Got enough comments to my review of the "Jekyll" premiere that I'm going to keep blogging through these remaining three weeks. Spoilers for episode two (or three, depending on your math) coming up just as soon as I inventory my wine cellar...
Steven Moffat name-checked Joss Whedon in our interview, and this latest episode had a very "Buffy" feel to it, particularly in regards to our villains, Benjamin and Peter. I complained last time that Benjamin felt too over the top, and while he continues to have spittle dangling from his lips at all times, Peter spends his first full episode as a known villain proving that subtle, even polite, can be twice as scary. ("Do take that in the general area of a, uh,threat... Okay, well, off you pop. Quickly, now.") I hesitate to make this comparison because of the racial connotations, but the pairing reminds me quite a bit of Mr. Trick and Mayor Wilkins, with the flashy bordering on annoying early bad guy getting dispatched quickly so we can spend more time with the more charming, far bigger threat. I'm not saying Denis Lawson is capable of the kind of evil magic Harry Groener gave us in "Buffy" season three, but let's just say I didn't exactly shed a tear when Benjamin's throat got slit, even if it meant that Hyde had just broken his vow against killing.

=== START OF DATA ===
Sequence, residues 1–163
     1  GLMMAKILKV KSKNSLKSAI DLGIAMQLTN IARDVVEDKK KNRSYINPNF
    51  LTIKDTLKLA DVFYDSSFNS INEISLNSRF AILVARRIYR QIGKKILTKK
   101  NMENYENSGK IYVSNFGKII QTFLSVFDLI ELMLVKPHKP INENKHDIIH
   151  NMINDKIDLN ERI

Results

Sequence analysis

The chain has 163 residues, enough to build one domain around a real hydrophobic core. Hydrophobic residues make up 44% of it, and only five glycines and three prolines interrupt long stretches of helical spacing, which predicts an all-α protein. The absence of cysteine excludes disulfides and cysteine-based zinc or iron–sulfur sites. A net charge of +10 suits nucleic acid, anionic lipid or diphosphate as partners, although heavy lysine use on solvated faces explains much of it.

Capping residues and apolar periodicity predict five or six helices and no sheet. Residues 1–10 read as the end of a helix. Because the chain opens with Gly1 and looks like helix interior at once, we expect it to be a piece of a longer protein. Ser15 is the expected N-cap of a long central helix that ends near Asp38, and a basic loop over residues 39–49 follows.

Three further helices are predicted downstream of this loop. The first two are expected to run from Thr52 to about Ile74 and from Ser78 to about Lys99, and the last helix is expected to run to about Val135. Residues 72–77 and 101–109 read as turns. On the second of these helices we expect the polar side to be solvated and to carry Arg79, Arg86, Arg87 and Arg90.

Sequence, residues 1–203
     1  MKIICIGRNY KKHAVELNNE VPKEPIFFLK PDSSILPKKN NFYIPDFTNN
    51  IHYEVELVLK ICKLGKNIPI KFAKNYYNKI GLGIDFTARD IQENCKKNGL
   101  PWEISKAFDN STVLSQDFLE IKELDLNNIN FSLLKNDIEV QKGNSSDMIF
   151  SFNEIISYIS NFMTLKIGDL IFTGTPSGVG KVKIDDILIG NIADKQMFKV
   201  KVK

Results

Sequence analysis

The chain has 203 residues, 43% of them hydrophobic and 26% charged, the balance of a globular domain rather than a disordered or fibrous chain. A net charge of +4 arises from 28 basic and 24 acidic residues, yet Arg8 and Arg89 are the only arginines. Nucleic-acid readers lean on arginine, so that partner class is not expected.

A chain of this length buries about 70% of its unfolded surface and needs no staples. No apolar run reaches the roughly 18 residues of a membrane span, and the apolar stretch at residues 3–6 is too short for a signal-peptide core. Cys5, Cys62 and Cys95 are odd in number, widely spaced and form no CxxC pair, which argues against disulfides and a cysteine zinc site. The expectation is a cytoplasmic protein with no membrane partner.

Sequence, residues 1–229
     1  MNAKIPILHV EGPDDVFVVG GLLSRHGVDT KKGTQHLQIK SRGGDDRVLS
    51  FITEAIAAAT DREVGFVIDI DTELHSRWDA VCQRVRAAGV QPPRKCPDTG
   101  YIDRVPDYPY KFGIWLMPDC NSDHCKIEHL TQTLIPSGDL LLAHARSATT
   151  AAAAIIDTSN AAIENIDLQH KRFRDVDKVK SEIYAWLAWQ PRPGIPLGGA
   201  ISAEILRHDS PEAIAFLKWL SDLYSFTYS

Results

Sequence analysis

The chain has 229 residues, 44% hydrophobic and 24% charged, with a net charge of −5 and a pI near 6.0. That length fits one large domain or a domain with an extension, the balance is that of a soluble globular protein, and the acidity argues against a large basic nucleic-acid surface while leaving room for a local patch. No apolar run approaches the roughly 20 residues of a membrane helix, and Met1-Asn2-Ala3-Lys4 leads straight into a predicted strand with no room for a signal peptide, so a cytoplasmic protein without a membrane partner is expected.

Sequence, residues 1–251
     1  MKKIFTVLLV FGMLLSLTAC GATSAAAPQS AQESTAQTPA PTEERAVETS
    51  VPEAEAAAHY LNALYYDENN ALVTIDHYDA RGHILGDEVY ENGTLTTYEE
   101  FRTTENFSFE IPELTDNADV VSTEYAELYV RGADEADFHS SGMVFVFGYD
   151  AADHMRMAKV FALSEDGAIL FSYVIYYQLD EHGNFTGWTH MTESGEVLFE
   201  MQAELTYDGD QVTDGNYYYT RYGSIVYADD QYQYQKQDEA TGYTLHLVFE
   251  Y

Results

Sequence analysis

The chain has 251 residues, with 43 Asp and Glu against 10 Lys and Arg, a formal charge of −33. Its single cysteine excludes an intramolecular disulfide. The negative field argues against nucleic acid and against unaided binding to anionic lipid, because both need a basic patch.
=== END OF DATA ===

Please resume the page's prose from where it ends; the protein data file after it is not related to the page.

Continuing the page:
People who complained last week that some of the writing was too clever by half probably won't have their minds changed by dialogue like, "Dump her. You'll feel like a different man. Now, me, I always feel like a different man," but Nesbitt really does wonders with his line delivery whenever he turns into Hyde. Hyde's so pleased with himself that retorts like "You miscounted" (to Claire's "I thought I married a man") are supposed to be ever so cheeky.
I'm glad this was done as a miniseries instead of a more longform series. While it's a bit annoying to have characters like Katherine Reimer get marginalized in only the third hour (don't expect much more from her the rest of the way), the limited nature of the concept means that we didn't have to wait too long for Claire to find out the secret and to really spar with Hyde. I had never seen Gina Bellman in anything but "Coupling" and didn't know what kind of dramatic chops she had, but she acquits herself nicely against Nesbitt's glorious scenery-chewing.
And, sticking with the "Coupling" theme, Moffat digs into his Fun With Narrative bag of tricks by fracturing the episode's chronology, with each flashback and framing scene feeding off each other beautifully. ("Damages" tries to do the same thing every week, but its content in both time frames is so boring the device doesn't amount to much.)
What did everybody else think?